Avid Technology, Inc.
AVID TECHNOLOGY INC (Form: 10-Q, Received: 05/10/2006 13:31:25)

UNITED STATES
SECURITIES AND EXCHANGE COMMISSION
WASHINGTON, D.C. 20549


FORM 10-Q

QUARTERLY REPORT PURSUANT TO SECTION 13 OR 15(d)
OF THE SECURITIES EXCHANGE ACT OF 1934

FOR THE QUARTERLY PERIOD ENDED MARCH 31, 2006


Commission File Number 0-21174

AVID TECHNOLOGY, INC.
(Exact name of registrant as specified in its charter)

          DELAWARE                              04-2977748
(State or other jurisdiction of             (I.R.S. Employer
incorporation or organization)              Identification No.)

AVID TECHNOLOGY PARK
ONE PARK WEST
TEWKSBURY, MA 01876
(Address of principal executive offices)

Registrant's telephone number, including area code: (978) 640-6789

Indicate by check mark whether the registrant: (1) has filed all reports required to be filed by Section 13 or 15(d) of the Securities Exchange Act of 1934 during the preceding 12 months (or for such shorter period that the registrant was required to file such reports), and (2) has been subject to such filing requirements for the past 90 days.

Yes X No ____

Indicate by check mark whether the registrant is a large accelerated filer, an accelerated filer, or a non-accelerated filer. See definition of "accelerated filer and large accelerated filer" in Rule 12b-2 of the Exchange Act.

Large Accelerated Filer X Accelerated Filer ____ Non-accelerated Filer ____

Indicate by check mark whether the registrant is a shell company (as defined in Rule 12b-2 of the Exchange Act).

Yes ____ No X

The number of shares outstanding of the registrant's Common Stock as of April 24, 2006 was 42,239,625.


AVID TECHNOLOGY, INC.

FORM 10-Q

FOR THE QUARTERLY PERIOD ENDED MARCH 31, 2006

                                TABLE OF CONTENTS
                                -----------------

                                                                         PAGE
                                                                         ----

PART I.  FINANCIAL INFORMATION

ITEM 1.  Condensed Consolidated Financial Statements:

         a) Condensed Consolidated Statements of Operations (unaudited)
            for the three months ended March 31, 2006 and 2005................1

         b) Condensed Consolidated Balance Sheets (unaudited)
            as of March 31, 2006 and December 31, 2005........................2

         c) Condensed Consolidated Statements of Cash Flows (unaudited)
            for the three months ended March 31, 2006 and 2005................3

         d) Notes to Condensed Consolidated Financial Statements (unaudited)..4

ITEM 2.  Management's Discussion and Analysis of Financial
         Condition and Results of Operations..................................18

ITEM 3.  Quantitative and Qualitative Disclosure About Market Risk............30

ITEM 4.  Controls and Procedures..............................................31

PART II. OTHER INFORMATION

ITEM 1.  Legal Proceedings....................................................32

ITEM 1A. Risk Factors.........................................................32

ITEM 6.  Exhibits.............................................................40

SIGNATURES....................................................................41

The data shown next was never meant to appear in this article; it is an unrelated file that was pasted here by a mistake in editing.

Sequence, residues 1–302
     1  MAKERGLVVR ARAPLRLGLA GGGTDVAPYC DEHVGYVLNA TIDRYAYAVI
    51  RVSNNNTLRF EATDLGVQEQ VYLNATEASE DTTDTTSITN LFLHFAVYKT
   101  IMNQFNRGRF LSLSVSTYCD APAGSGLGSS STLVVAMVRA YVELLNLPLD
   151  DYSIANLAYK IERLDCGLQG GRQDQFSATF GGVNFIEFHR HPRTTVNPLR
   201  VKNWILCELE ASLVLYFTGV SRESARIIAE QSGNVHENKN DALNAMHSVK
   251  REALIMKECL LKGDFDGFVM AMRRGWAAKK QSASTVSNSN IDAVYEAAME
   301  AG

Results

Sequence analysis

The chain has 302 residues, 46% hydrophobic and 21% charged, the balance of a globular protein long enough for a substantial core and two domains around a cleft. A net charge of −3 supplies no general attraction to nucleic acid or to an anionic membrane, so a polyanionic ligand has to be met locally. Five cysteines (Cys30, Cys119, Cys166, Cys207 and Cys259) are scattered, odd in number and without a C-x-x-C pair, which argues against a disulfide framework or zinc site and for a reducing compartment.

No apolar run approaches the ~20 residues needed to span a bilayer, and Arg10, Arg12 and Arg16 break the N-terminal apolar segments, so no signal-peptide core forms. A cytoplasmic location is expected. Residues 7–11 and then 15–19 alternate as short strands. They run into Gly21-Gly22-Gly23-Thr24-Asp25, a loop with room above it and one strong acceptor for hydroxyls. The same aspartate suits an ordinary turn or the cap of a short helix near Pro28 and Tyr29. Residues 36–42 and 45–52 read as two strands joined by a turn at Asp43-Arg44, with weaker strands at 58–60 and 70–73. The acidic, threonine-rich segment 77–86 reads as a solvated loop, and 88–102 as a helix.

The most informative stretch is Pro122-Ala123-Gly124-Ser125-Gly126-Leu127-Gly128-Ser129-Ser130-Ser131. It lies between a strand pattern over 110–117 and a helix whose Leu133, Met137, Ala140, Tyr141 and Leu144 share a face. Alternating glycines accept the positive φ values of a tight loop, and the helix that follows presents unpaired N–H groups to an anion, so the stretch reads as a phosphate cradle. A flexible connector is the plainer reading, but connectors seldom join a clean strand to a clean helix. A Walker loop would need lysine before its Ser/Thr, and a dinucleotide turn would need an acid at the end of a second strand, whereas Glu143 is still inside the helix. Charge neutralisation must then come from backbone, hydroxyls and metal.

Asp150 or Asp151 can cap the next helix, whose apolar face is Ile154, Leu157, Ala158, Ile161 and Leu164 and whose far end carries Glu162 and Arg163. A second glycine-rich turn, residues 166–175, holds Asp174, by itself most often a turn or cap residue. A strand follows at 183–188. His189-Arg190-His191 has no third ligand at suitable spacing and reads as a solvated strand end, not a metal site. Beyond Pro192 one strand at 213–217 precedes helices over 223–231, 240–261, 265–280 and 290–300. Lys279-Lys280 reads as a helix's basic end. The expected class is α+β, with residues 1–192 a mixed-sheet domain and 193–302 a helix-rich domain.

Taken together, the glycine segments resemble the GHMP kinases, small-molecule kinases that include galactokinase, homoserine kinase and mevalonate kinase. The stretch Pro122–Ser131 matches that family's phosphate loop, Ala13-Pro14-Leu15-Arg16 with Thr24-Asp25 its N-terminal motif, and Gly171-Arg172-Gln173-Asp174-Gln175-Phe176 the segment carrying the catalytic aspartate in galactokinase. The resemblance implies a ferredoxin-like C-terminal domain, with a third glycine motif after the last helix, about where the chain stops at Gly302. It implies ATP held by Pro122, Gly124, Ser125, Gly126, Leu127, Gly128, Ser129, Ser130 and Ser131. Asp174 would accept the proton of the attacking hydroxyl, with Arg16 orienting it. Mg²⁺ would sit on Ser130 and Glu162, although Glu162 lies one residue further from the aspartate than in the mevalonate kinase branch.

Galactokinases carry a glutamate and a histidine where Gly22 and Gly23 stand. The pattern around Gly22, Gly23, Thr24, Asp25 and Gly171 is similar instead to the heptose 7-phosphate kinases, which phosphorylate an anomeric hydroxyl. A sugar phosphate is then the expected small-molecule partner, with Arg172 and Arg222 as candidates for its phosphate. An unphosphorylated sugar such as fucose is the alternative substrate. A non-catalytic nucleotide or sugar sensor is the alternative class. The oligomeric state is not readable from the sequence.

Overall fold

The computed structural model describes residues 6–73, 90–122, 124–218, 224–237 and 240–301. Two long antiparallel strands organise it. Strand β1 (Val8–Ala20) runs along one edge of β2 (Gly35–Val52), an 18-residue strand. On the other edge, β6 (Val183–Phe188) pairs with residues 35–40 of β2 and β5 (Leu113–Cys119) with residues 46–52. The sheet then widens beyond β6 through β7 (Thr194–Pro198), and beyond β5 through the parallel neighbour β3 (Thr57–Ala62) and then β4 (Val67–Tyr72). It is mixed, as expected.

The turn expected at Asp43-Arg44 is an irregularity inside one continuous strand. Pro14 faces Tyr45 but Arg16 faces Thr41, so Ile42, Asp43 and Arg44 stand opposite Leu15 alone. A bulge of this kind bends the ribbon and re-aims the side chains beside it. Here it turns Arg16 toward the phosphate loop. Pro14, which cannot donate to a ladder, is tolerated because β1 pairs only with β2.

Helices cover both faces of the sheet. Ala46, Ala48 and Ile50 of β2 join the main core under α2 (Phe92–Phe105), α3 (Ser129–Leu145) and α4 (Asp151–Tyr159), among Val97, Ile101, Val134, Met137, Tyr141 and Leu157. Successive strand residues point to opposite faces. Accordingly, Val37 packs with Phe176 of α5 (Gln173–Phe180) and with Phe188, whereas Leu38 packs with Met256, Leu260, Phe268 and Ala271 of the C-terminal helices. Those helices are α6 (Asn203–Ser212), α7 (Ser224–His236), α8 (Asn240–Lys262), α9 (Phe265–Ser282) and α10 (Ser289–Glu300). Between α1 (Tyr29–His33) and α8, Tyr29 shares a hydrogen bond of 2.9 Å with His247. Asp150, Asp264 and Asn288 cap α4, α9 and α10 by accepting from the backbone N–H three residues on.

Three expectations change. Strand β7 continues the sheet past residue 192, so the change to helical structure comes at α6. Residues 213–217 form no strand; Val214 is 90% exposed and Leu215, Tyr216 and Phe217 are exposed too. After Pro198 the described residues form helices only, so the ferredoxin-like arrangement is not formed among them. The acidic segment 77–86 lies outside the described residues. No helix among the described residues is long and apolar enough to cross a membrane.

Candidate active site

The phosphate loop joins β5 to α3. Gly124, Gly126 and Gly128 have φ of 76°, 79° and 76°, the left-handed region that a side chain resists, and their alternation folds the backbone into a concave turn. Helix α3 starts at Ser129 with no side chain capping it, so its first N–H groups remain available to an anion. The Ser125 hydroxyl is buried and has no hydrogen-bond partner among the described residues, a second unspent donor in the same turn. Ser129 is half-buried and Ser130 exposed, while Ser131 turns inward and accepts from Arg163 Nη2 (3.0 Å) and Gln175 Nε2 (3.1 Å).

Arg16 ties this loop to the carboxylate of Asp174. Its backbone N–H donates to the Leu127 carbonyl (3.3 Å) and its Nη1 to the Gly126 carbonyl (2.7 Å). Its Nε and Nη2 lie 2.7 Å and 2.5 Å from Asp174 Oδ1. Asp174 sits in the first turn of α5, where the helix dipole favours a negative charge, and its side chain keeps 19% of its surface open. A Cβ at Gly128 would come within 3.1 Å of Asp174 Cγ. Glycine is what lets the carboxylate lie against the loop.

EXHIBIT INDEX.................................................................42


PART I. FINANCIAL INFORMATION

ITEM 1. CONDENSED CONSOLIDATED FINANCIAL STATEMENTS

AVID TECHNOLOGY, INC.
CONDENSED CONSOLIDATED STATEMENTS OF OPERATIONS
(in thousands, except per share data)

(unaudited)
                                                 Three Months Ended
                                                      March 31,
                                             ----------------------------
                                                 2006           2005
                                             -------------  -------------
Net revenues:
 Product                                        $194,022       $147,378
 Services                                         24,048         18,623
                                             -------------  -------------
  Total net revenues                             218,070        166,001
                                             -------------  -------------

Cost of revenues:
 Product                                          91,361         60,897
 Services                                         13,315         10,070
 Amortization of intangible assets                 5,080            281
                                             -------------  -------------
  Total cost of revenues                         109,756         71,248

                                             -------------  -------------
Gross profit                                     108,314         94,753
                                             -------------  -------------

Operating expenses:
 Research and development                         35,496         24,679
 Marketing and selling                            49,912         37,842
 General and administrative                       15,137         10,302
 Restructuring costs                               1,066              -
 In-process research and development                 310              -
 Amortization of intangible assets                 3,665          1,592
                                             -------------  -------------
    Total operating expenses                     105,586         74,415
                                             -------------  -------------

Operating income                                   2,728         20,338

Interest income                                    2,068            808